I’ve had a pretty harrowing week so far. Now that I’ve had some time to reflect on what could have triggered the numerous meltdowns I had in the past few days I realize I’ve been reacting based on old scripts which of course have nothing to do with the here and now but have gotten so deeply entrenched over the years that “losing it” has become a knee-jerk reaction.
I read—more like devoured—Cormac McCarthy’s The Road in the past couple of days. It’s a Pulitzer prize-winning (and Oprah Book Club!) novel about a father and his son trudging through a post-apocalyptic American landscape, trying to survive on what morsels of food they can find and avoid being killed and eaten by the few remaining humans they come across. A harrowing story to be sure, and if it had been written by anyone else than McCarthy, I doubt I would have made it past the first few pages, but it’s the kind of book you can’t put down once you’ve started it and from the first, I was drawn in by the poignant relationship between father and son who have nothing left but each other and the great love and tenderness they share to keep going day after day.
As I was reading it, I was able to enjoy the writing and keep my emotions detached from the gruesome world McCarthy describes. But then when I finished it in the middle of the night, I exploded into bitter tears with the realization that for much of my life, I’ve been walking around feeling pretty much like these fictional characters did, more in tune with my own inner apocalypse than the actual living world around me.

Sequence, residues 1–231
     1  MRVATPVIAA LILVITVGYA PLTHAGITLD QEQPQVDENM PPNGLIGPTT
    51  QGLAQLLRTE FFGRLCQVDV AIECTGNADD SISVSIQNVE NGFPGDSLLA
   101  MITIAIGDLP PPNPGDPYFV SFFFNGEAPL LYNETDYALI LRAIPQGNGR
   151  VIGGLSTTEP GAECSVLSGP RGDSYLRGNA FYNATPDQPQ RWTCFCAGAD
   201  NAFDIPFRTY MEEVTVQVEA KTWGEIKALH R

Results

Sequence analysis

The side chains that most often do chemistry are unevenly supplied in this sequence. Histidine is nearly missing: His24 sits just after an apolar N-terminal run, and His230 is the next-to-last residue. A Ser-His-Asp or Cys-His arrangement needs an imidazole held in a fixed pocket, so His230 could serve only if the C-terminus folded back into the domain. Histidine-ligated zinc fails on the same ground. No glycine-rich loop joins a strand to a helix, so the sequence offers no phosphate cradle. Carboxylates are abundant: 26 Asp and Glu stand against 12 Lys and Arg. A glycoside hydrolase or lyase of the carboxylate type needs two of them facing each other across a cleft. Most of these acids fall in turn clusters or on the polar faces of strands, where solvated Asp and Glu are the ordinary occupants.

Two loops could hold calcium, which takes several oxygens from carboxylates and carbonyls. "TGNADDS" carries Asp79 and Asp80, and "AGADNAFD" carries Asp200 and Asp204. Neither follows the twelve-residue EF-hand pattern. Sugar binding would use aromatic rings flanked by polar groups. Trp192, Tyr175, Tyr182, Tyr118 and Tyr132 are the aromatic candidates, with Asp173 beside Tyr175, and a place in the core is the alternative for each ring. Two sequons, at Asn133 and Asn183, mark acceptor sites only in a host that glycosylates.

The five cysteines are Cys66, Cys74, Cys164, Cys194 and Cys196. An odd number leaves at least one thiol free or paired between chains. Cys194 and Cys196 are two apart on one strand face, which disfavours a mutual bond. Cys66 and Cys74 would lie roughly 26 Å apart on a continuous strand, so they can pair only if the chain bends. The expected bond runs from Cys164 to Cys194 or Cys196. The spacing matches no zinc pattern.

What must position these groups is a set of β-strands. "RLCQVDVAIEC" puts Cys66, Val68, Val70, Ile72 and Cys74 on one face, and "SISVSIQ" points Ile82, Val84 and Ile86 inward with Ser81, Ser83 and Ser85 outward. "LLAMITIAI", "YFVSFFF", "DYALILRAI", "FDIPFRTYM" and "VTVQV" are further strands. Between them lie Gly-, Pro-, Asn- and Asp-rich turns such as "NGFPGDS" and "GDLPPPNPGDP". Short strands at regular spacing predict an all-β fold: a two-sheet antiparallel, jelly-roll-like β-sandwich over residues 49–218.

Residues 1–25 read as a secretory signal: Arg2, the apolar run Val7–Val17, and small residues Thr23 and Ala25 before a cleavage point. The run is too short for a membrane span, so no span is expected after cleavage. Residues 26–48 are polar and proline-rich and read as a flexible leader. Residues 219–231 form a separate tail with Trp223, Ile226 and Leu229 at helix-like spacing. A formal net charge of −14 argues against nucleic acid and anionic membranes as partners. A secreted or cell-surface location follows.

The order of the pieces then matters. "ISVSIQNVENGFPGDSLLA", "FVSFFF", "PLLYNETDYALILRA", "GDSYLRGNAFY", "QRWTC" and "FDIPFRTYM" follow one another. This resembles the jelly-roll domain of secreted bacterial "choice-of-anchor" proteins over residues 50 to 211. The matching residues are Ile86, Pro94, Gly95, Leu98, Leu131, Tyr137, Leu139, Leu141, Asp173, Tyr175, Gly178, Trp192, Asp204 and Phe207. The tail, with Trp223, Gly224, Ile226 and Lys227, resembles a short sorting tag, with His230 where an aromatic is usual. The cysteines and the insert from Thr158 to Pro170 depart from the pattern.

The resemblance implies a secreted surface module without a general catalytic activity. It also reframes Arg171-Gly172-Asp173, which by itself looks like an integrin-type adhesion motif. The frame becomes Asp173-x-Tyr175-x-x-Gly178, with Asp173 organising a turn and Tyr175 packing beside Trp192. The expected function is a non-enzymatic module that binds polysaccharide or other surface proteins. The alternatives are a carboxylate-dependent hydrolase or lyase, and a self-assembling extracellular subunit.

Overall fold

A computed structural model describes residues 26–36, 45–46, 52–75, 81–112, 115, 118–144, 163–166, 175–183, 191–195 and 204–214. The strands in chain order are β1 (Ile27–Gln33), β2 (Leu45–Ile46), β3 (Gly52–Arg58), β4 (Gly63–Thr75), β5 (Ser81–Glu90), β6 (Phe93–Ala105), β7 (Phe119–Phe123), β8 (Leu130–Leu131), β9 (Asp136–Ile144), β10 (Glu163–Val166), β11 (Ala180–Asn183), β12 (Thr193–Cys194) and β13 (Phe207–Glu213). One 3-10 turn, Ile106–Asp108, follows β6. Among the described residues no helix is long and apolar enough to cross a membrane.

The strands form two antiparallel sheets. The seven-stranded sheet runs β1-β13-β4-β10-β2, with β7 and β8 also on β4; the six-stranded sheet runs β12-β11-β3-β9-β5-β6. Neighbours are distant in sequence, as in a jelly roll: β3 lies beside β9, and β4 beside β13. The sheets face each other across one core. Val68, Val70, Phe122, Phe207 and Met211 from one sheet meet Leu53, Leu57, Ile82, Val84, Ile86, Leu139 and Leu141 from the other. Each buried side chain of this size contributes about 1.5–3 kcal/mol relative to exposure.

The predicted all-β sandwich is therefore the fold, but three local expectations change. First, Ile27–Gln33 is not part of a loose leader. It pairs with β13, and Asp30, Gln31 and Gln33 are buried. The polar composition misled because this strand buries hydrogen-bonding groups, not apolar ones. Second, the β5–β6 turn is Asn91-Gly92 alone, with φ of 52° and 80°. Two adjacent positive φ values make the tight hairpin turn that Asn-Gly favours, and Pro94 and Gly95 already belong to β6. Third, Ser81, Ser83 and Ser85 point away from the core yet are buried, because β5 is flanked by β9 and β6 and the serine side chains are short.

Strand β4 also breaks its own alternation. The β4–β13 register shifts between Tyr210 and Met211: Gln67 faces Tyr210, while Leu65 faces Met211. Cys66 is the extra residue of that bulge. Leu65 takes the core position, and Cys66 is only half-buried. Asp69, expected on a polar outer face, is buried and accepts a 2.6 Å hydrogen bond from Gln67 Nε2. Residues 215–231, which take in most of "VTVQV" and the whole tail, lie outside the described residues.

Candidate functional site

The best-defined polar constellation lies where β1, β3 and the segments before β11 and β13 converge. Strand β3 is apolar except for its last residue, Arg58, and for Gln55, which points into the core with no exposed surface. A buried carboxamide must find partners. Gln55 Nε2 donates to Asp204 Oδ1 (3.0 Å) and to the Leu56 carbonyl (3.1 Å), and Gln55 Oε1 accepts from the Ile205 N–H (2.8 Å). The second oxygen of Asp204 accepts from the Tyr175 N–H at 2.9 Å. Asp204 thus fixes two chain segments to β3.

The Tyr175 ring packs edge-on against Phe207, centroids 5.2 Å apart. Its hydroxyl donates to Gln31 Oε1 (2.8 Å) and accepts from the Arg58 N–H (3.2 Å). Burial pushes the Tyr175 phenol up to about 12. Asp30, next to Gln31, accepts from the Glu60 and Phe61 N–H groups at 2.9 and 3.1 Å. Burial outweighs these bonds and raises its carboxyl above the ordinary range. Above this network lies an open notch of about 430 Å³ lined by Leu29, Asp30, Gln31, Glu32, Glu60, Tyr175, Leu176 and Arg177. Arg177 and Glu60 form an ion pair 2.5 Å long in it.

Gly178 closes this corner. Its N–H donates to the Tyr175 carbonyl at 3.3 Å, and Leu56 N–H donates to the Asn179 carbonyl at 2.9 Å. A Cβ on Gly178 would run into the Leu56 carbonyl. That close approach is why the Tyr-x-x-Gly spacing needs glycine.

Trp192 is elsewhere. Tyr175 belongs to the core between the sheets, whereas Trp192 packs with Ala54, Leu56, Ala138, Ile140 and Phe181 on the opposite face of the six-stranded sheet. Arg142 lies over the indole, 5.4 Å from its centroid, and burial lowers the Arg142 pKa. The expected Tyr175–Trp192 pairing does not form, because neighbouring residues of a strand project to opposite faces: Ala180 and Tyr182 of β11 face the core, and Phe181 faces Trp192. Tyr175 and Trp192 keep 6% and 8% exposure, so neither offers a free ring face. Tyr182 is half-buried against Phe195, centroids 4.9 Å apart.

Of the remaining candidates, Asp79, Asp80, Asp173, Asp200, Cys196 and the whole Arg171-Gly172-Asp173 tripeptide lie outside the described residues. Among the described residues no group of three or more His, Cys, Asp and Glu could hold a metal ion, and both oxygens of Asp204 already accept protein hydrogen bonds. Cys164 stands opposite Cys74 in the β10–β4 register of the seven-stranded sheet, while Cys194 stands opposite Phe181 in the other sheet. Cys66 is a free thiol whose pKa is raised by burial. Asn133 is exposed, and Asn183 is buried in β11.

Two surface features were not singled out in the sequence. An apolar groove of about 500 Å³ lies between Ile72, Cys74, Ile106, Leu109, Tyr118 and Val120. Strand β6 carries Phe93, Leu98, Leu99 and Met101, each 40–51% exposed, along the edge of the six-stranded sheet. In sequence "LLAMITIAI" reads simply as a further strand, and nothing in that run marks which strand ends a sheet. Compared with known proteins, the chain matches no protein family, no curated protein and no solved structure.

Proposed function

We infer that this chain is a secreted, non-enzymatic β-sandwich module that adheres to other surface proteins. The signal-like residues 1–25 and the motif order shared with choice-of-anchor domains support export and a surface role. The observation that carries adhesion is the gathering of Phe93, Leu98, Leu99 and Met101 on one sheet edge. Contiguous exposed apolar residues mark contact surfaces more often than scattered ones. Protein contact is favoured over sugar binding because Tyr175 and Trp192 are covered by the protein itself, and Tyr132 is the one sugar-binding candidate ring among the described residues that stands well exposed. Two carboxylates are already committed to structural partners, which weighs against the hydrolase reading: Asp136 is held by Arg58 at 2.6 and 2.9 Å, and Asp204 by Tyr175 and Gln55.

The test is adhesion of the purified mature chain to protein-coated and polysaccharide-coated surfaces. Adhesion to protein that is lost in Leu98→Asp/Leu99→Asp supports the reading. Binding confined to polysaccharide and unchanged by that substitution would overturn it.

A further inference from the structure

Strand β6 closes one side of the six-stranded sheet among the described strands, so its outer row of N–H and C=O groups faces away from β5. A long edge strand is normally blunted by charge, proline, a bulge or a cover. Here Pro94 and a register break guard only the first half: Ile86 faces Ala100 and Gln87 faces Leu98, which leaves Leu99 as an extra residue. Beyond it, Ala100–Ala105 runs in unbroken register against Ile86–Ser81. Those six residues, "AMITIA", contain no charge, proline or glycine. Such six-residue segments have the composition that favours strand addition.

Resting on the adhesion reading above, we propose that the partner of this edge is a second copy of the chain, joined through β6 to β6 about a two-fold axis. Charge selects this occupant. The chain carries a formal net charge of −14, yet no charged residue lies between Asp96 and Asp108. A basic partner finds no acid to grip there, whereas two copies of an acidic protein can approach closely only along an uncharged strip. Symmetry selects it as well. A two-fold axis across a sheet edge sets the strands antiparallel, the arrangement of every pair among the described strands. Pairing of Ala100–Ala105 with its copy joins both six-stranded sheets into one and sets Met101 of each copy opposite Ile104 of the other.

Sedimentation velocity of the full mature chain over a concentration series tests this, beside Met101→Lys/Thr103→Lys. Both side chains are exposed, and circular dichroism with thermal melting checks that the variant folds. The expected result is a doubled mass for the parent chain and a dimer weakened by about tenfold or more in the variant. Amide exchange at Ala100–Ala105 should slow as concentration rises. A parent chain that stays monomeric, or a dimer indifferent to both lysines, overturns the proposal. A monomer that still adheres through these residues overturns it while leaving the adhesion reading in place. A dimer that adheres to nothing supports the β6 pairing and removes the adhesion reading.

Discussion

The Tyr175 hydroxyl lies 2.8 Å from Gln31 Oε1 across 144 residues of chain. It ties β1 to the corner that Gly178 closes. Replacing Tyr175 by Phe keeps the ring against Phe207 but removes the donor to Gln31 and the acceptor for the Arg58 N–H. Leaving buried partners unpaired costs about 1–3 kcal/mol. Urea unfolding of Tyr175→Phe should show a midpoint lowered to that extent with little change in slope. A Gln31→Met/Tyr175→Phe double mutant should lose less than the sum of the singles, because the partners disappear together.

Since I couldn’t go back to sleep, I read a book review in Vogue magazine about a successful book editor’s memoirs relating his descent into his own private hell of crack addiction. Now in his early 40’s, he’s managed to get sober and stay that way for the past five years and according to the interview, this book was the catharsis the author needed, helping him to honour the life he led even through the worst of times while also attaining some kind of closure. I was uplifted by this story and after that I fell into a long sleep and had the very rare experience of dreaming simple, almost pleasant dreams.
No big surprise then that this morning I had a story forming in my mind. It was writing itself out as I was going through my morning rituals of walking the dog, feeding the kidz, getting myself ready for my painting class starting today. So I pulled out one of the beautiful notebooks I collect for those moments of profound insight and inspiration, and I started telling the tale I’ve only told a handful of people about, one that should be long gone and buried by now but which has left me with unhealed scars. It’s time I make peace with the past, release the old hurtful memories, turn them into creative fodder and move back into the present.